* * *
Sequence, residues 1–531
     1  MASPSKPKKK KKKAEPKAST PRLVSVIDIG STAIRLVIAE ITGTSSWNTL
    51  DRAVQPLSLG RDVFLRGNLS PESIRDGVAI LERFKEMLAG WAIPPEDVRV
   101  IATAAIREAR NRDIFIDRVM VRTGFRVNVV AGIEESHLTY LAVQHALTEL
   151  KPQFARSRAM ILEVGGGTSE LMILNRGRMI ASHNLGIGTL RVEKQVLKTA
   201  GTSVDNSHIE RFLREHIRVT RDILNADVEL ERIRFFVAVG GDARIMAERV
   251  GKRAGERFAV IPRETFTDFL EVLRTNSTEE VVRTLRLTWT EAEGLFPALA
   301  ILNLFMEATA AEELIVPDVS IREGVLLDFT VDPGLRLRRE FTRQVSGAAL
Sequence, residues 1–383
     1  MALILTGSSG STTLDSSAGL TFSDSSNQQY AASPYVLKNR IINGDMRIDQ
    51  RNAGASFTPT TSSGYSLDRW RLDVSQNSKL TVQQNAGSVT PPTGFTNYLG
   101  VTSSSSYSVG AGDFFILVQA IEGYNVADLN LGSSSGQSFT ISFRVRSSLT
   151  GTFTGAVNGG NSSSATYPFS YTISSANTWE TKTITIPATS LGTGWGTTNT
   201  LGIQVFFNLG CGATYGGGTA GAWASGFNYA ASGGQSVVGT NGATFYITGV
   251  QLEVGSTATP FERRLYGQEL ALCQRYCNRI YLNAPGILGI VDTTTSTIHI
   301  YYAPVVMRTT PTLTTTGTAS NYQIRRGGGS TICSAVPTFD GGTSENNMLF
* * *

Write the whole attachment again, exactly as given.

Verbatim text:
Sequence, residues 1–531
     1  MASPSKPKKK KKKAEPKAST PRLVSVIDIG STAIRLVIAE ITGTSSWNTL
    51  DRAVQPLSLG RDVFLRGNLS PESIRDGVAI LERFKEMLAG WAIPPEDVRV
   101  IATAAIREAR NRDIFIDRVM VRTGFRVNVV AGIEESHLTY LAVQHALTEL
   151  KPQFARSRAM ILEVGGGTSE LMILNRGRMI ASHNLGIGTL RVEKQVLKTA
   201  GTSVDNSHIE RFLREHIRVT RDILNADVEL ERIRFFVAVG GDARIMAERV
   251  GKRAGERFAV IPRETFTDFL EVLRTNSTEE VVRTLRLTWT EAEGLFPALA
   301  ILNLFMEATA AEELIVPDVS IREGVLLDFT VDPGLRLRRE FTRQVSGAAL
Sequence, residues 1–383
     1  MALILTGSSG STTLDSSAGL TFSDSSNQQY AASPYVLKNR IINGDMRIDQ
    51  RNAGASFTPT TSSGYSLDRW RLDVSQNSKL TVQQNAGSVT PPTGFTNYLG
   101  VTSSSSYSVG AGDFFILVQA IEGYNVADLN LGSSSGQSFT ISFRVRSSLT
   151  GTFTGAVNGG NSSSATYPFS YTISSANTWE TKTITIPATS LGTGWGTTNT
   201  LGIQVFFNLG CGATYGGGTA GAWASGFNYA ASGGQSVVGT NGATFYITGV
   251  QLEVGSTATP FERRLYGQEL ALCQRYCNRI YLNAPGILGI VDTTTSTIHI
   301  YYAPVVMRTT PTLTTTGTAS NYQIRRGGGS TICSAVPTFD GGTSENNMLF